An Ohio man who is part of the small band of Americans volunteering to help Kurdish troops fight ISIS in Iraq told NBC News on Wednesday that he had been wounded by enemy fire.
In a Facebook interview from an Iraqi military hospital, Ryan Gueli said that he was thrown several yards in the air when he was struck by ISIS mortar fire. He said that he was bleeding profusely.
He said that he managed to run several hundred feet and get behind a berm and, covered in blood, to apply a tourniquet to his wounded right thigh. He said a Kurdish soldier helped him walk to a vehicle and told him: “Don’t worry, my friend.”
“If that soldier, who was as scared as I was, didn’t come for me, I’d be dead,” Gueli said.
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On Tuesday, NBC News followed a group of about 100 Kurdish troops, helped by half a dozen Americans, as they battled ISIS and sought to retake territory from the militants in northern Iraq.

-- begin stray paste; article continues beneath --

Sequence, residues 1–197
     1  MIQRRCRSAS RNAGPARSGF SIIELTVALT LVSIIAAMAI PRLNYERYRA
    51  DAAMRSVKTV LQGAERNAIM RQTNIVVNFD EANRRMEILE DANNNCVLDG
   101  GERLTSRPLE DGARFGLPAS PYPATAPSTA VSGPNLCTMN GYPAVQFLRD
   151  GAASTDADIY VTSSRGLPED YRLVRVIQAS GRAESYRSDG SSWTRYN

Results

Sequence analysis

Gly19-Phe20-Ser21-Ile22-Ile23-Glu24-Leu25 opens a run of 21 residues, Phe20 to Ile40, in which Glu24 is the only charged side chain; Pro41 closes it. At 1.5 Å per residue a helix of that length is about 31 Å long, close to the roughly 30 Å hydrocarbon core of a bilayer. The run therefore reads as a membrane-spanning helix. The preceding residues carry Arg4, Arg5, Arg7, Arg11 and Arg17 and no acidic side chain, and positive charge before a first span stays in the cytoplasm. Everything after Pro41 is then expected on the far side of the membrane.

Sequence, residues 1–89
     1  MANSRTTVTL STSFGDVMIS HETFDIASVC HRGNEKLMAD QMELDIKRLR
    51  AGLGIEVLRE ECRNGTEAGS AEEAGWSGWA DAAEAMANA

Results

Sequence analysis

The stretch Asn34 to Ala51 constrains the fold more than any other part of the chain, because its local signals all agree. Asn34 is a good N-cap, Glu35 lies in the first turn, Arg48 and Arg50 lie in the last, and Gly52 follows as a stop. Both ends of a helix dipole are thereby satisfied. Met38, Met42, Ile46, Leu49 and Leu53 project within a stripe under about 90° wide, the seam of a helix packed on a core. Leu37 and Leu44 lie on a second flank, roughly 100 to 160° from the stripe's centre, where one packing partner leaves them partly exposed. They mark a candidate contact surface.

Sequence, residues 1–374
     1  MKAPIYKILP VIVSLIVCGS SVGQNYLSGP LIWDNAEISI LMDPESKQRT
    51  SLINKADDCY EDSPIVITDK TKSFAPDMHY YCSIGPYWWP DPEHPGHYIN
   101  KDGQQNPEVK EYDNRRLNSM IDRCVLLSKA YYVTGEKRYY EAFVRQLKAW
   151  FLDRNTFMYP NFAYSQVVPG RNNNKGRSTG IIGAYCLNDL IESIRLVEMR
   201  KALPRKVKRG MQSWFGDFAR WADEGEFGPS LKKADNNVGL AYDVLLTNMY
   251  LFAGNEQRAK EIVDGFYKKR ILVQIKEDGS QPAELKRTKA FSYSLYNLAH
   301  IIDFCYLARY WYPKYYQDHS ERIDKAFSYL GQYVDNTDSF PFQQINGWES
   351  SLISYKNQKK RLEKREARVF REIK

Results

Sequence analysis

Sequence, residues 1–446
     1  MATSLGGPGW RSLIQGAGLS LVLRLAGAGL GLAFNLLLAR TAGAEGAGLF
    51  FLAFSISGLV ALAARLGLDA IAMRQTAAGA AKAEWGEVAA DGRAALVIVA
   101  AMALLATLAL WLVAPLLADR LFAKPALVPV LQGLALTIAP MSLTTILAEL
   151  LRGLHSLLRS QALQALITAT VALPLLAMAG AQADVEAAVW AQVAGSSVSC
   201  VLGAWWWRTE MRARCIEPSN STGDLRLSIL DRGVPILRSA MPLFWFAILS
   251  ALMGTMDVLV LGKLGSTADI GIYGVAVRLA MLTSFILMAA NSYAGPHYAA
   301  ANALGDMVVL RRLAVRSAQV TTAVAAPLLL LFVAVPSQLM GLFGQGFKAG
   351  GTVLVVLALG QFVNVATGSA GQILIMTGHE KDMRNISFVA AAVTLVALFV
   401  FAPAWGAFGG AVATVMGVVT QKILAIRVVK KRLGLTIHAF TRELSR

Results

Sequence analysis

There are believed to be 100 or more American volunteers helping the Kurds. Most are veterans of the U.S. war in Iraq, drawn back to the country and to the new cause of flushing out ISIS.
Gueli, who is from Carroll, Ohio, said that he was injured while the Kurdish forces were in “full retreat,” chased by ISIS and counterattacking with rockets as the militants attacked with mortars.
"My limbs were numb," he said. "I lost a lot of blood."
He said that he expected to be back stateside by Sunday, that he was in touch with family and friends and that he was being taken care of in the hospital, in the city of Sulaymaniyah.
“Just tell ppl the Kurds deserve help,” Gueli wrote in the Facebook interview. “Best ppl I’ve ever met.”
— Seán Federico-O’Murchú and Erin McClam